The good thing is that when we go someplace new, maybe other people will see us and think that they can do it too. So… I don’t know…but I’ll let you know when I get back.

I would love to hear how you would have handled Safia’s question, or what thoughts it brought up for you.


Postscript: I was very pleasantly surprised to find that the Desmos Fellowship team was asking Safia’s question too and putting some practices in place to lower the level of social risk for educators of colour and others. The Fellowship weekend was much less risky and much more rewarding than I had anticipated. I am so glad and grateful to have been invited and to have accepted the invitation. I can’t wait to tell my students about it.


7 thoughts on “Are There Any Other People of Colour?”

  1. Extremely exciting to see that you made a place to share long-form thoughts, Idil! It’s also really generous of you to offer us a picture of your classroom and your relationship with your students.

    Something that stuck out to me here was how much thinking you were doing (Thoughts 1, 2, and 3) all in between your student’s question and your response. You wrote something like 1000 words to describe a thought process that couldn’t have lasted more than a few seconds! That’s such an exciting feature of teaching and a talent of experienced teachers – the ability to quickly make extremely thoughtful decisions!

    Liked by 2 people

    1. Thanks, Dan. I appreciate our chats and I’m looking forward to thinking some more things through together.

      If folks haven’t taught before it’s hard to communicate *how much* thinking we are doing in the course of our daily interactions!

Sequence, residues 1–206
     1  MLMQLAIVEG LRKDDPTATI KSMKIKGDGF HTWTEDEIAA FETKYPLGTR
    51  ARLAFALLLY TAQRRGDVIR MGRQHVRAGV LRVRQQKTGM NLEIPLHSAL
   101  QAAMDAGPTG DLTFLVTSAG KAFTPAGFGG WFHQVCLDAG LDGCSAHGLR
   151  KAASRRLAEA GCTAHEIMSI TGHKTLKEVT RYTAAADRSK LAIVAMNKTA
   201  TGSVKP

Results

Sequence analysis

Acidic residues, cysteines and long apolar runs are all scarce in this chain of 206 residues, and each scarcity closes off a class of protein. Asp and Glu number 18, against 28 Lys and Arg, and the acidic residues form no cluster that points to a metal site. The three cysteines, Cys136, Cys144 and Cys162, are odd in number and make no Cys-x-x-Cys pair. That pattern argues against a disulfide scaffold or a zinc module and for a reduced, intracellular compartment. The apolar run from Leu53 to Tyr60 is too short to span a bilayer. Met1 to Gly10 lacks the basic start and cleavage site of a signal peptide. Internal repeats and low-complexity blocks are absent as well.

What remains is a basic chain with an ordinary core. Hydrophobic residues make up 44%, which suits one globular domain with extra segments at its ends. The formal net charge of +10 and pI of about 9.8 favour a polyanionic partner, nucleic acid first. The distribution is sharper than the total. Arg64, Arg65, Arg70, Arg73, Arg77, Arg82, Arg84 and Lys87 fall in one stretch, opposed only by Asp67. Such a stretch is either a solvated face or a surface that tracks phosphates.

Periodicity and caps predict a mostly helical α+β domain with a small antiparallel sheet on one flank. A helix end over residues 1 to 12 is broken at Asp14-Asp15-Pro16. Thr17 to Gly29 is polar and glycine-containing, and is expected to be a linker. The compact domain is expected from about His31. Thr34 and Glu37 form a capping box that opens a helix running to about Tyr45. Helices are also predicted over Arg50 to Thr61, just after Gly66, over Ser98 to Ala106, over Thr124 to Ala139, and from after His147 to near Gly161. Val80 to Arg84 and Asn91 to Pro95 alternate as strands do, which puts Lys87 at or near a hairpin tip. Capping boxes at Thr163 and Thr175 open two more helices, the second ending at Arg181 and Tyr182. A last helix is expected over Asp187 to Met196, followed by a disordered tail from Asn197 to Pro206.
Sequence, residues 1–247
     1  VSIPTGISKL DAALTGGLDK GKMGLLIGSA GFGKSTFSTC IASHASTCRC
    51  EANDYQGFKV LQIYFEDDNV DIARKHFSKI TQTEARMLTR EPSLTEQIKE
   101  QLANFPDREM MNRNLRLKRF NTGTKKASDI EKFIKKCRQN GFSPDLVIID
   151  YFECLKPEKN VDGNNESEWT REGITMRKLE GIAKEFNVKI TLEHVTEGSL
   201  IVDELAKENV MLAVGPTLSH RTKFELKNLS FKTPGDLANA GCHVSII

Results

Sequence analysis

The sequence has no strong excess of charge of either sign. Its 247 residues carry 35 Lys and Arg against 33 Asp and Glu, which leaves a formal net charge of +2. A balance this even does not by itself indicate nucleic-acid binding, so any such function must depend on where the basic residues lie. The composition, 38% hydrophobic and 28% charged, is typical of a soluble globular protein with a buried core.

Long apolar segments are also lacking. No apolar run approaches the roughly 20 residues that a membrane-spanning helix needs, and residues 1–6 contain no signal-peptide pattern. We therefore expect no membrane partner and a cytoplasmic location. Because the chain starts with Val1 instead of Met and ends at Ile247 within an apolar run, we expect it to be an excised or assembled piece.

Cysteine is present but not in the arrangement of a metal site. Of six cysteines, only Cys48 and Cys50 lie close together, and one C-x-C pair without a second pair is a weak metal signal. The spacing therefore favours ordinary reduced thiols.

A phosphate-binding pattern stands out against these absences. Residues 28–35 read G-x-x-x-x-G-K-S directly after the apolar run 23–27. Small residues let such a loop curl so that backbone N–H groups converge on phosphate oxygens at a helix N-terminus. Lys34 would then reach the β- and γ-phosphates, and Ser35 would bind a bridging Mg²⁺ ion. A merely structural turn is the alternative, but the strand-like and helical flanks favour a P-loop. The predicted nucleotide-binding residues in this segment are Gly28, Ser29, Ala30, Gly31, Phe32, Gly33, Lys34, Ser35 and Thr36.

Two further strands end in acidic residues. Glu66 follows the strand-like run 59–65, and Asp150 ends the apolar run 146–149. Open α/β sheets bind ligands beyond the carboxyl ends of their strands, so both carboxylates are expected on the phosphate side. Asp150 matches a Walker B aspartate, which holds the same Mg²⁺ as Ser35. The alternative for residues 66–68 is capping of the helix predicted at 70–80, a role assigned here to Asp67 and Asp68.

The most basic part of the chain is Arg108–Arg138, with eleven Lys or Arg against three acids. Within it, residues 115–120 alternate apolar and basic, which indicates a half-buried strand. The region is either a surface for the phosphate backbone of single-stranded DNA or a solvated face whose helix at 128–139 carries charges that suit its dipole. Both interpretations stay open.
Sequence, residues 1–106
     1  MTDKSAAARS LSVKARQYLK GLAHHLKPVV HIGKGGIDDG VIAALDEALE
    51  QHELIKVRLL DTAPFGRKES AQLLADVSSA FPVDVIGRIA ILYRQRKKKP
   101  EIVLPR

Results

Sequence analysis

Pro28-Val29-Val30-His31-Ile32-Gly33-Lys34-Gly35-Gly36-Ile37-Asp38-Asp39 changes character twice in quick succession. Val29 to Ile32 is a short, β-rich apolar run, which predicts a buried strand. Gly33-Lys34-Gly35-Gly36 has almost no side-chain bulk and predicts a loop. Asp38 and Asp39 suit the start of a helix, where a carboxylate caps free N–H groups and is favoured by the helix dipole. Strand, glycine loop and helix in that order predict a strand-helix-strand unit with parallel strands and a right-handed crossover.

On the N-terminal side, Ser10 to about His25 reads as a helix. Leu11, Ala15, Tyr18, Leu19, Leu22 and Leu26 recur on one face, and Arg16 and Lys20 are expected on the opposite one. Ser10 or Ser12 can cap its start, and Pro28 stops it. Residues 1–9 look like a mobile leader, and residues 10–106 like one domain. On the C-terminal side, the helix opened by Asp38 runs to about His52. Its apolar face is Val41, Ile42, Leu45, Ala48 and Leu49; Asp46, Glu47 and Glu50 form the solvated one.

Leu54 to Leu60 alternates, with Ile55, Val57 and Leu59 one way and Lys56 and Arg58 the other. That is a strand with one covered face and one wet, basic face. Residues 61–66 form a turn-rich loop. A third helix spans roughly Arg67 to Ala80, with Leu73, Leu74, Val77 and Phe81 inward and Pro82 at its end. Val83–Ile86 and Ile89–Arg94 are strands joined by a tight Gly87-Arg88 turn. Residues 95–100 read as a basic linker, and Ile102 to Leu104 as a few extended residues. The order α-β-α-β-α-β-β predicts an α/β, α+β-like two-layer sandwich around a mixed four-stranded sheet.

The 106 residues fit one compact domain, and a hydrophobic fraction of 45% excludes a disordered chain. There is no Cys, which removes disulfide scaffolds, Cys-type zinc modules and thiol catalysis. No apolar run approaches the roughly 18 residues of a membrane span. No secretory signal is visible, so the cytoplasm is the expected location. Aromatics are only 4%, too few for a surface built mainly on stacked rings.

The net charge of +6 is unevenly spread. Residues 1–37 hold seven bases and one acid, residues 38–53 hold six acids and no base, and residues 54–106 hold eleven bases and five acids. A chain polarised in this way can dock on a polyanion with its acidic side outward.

Liked by 1 person

  2. Wow, this was really fantastic! Thank you so much for sharing your thought process! I absolutely agreed with this – “Anyone who works with young people knows that what you say is only part of the message that you are communicating.” – I also believe that students often decide to trust you (or not) and learn from you (or not), NOT just on what comes out of your mouth when you teach, but also based on how you interact with them outside of class, how you react to their classmates’ wrong answers, what kind of expression you look up with when they ask you a question when you’re doing some other work, etc. etc. I love that you thought about your student as a whole person as you thought about your response. Thanks again!

    Liked by 1 person

  3. What a wonderful way to spur others to reflect on how they think about and respond to students’ questions (of all kinds) and to showcase what it looks like when an extremely thoughtful teacher takes into consideration not only her needs, but those of her students (and of all kinds). I can just as easily imagine you doing this same kind of process when a student asks you a strictly “mathematical” question. Your students are lucky to have a teacher like you who is rehumanizing mathematics, through something as small but important as side conversations. We could learn so much from more teachers sharing moments like this with the rest of society–parents, students, researchers, teacher educators, policy makers, etc. Thank you for all that you do in the name of education, mathematics, and justice.

    Liked by 1 person

  4. This really was wonderful. Thank you for sharing and making me consider what I might do or say. I keep wondering and thinking about what I might say. This year more than ever so thank you making me think more and learn more.


    1. You’re welcome, Mary! I’m glad you’re thinking about this kind of thing now. Even if we don’t have the right answers, it means something to let students know that this is important and you’re figuring it out.